The Carbon Footprint of Mangos
In early 2010 the NMB became concerned that the reputation of imported mangos was being negatively affected through an increased perception among U.S. consumers that mangos had a high carbon footprint.
Supporting this perception was a web-based carbon calculator that calculated the carbon footprint of a wide variety of food items. Planet Green, the Discovery Channel’s sustainability website, used the calculator to publish a story cautioning consumers that tropical fruits, and specifically mangos, had among the highest carbon footprints of all food products and that the carbon-conscious consumer should avoid them.
The NMB, with no data of its own on the carbon footprint of a typical, imported mango, was unable to contest these claims through a communication’s strategy that would be effective in mitigating the reputational damage that had occurred.
The NMB engaged Common Fields to analyze these published materials and to search for a possible rebuke to the claims. On reviewing the literature referenced in the documents, Common Fields was able to establish that the methodology employed to create the calculator: 1) used only secondary data; 2) used data that was not necessarily representative of imported mangos; 3) used assumptions that could not be supported. Furthermore, Common Fields discovered that the Planet Green story had erroneously reported the mango carbon footprint to be 10 times more than that calculated by the online calculator itself and had made its condemning conclusions based upon these flawed results.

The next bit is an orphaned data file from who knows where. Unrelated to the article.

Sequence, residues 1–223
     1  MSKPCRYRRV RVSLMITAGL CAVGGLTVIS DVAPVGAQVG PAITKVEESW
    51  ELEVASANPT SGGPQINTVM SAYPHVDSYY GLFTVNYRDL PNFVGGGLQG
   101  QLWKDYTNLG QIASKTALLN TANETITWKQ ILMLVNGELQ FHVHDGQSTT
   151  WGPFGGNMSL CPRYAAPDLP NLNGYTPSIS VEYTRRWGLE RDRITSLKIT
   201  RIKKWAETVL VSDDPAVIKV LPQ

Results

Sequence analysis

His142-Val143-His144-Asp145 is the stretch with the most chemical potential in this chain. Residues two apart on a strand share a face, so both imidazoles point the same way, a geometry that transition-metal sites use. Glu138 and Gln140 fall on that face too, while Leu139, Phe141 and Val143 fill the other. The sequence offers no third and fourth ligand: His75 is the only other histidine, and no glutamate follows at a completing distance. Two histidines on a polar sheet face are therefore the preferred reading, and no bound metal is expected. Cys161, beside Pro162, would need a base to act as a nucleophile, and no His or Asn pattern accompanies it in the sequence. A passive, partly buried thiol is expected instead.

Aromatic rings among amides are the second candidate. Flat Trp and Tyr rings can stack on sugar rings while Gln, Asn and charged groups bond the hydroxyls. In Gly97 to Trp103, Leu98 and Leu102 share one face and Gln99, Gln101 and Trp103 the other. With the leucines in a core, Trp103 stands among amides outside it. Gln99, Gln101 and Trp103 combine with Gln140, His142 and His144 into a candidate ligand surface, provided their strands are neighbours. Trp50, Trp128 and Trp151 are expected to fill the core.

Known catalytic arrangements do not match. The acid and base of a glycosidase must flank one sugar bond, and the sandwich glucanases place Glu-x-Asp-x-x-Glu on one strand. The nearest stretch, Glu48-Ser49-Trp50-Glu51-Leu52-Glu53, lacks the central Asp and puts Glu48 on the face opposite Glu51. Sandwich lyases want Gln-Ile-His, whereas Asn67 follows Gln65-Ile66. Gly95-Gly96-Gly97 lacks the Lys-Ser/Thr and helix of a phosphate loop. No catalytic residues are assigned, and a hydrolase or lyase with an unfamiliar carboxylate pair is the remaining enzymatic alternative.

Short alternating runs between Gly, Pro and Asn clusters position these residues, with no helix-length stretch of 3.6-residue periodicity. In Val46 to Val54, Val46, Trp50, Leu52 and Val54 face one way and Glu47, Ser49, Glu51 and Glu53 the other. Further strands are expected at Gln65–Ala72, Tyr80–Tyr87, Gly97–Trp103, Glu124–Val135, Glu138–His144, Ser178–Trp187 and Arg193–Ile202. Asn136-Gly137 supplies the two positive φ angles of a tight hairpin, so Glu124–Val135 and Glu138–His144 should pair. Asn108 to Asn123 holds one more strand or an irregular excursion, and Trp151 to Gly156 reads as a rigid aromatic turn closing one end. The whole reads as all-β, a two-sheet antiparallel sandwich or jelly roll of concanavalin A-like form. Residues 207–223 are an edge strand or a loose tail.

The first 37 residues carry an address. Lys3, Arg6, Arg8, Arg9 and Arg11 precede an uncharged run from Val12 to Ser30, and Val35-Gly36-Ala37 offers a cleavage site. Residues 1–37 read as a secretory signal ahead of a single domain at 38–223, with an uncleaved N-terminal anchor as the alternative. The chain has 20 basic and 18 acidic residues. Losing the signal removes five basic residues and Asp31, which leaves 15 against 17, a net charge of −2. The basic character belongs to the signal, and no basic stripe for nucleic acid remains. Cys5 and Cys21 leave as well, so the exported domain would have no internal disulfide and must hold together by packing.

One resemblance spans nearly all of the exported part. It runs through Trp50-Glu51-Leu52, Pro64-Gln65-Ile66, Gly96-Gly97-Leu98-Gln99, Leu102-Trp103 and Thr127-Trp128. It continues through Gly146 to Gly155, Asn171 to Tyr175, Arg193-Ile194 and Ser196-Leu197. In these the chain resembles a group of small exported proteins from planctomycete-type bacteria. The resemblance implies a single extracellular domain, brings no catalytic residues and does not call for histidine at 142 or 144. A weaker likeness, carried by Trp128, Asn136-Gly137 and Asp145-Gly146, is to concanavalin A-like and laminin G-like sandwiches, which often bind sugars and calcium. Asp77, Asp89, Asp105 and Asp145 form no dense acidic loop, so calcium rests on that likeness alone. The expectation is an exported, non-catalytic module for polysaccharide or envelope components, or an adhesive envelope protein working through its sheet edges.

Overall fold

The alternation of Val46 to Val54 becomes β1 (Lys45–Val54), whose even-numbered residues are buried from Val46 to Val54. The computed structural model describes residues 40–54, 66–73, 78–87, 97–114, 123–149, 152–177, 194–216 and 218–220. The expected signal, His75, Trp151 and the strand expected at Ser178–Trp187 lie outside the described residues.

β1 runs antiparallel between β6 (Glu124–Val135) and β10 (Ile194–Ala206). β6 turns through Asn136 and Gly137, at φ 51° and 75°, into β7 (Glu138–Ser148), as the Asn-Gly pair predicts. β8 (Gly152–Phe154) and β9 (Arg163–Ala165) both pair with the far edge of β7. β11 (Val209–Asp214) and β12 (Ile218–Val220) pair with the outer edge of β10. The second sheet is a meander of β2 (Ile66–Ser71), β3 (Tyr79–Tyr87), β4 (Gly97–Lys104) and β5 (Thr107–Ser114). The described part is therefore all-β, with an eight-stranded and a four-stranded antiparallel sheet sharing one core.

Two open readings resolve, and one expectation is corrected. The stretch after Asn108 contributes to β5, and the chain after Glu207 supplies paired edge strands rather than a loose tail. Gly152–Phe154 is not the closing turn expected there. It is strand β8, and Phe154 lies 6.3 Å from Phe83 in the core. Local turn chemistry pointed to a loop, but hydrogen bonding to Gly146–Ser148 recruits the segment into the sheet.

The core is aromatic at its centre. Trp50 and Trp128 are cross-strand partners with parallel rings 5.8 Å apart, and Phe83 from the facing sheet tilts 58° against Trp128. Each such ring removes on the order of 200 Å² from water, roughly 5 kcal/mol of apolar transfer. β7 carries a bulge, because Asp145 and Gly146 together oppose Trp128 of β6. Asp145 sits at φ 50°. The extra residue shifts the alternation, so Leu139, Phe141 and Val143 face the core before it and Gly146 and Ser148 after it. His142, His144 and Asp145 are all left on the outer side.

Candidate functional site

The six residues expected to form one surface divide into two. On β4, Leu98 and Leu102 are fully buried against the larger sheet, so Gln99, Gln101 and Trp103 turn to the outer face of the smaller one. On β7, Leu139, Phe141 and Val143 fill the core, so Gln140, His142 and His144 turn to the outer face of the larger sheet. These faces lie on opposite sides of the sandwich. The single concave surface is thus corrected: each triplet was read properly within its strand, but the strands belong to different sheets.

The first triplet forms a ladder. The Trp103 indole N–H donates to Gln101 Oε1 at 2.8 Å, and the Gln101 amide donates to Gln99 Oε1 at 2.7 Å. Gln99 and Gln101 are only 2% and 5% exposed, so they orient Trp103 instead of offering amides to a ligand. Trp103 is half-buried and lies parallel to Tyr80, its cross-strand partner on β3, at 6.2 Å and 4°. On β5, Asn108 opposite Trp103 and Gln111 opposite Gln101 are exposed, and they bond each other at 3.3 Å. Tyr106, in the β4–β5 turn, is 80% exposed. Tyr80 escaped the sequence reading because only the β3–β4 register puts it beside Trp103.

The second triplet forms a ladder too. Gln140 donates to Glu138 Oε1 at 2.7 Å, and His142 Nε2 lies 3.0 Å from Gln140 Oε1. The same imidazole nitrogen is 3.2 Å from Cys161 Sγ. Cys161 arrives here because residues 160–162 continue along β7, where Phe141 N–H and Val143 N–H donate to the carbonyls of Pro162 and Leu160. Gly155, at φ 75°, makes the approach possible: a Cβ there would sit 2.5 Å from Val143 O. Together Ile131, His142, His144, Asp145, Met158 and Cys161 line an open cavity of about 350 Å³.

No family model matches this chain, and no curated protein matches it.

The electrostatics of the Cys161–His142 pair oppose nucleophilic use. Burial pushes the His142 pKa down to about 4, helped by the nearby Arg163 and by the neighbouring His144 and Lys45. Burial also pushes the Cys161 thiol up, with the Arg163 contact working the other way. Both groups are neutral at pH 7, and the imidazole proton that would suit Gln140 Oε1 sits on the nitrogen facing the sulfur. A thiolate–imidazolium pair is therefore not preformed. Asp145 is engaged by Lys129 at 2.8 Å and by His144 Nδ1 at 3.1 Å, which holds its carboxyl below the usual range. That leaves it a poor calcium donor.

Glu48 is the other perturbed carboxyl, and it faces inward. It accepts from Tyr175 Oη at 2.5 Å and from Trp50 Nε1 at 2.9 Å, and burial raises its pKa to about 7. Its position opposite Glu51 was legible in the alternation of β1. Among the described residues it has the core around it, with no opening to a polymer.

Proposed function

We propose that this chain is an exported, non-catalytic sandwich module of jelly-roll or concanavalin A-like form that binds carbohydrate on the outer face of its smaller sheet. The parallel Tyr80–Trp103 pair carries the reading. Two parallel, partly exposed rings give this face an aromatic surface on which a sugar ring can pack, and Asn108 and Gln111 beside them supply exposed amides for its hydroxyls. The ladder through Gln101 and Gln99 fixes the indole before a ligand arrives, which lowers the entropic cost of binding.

- The NMB was able to notify the Discovery Corporation of the math error prompting the article to be removed immediately from the internet.
- The NMB made a strategic decision to mitigate future risks of misinformation by commissioning Common Fields to undertake an analysis of farming practices and community impacts, and to calculate the direct carbon footprint of a typical mango found in a retail outlet in the US.
- Common Fields designed self-reporting questionnaires for growers, packers and importers in Mexico (where over 60% of US mangos are sourced) and the US and validated results within 3 Mexican states. In addition a supply chain carbon footprint analysis was undertaken using primary data.
- These data would become important to both the NMB as a marketing vehicle for consumers and to individual parts of the supply chain, through the NMBs training program.
- The NMB is able to speak about farming practices to their consumers in a data supported manner.
- The NMB is able to design training programs for producers aimed at standardizing best practices in sustainable agriculture.
- The NMB now owns primary data of the carbon footprint of a representative mango sold in the US and can support their marketing communications with real data.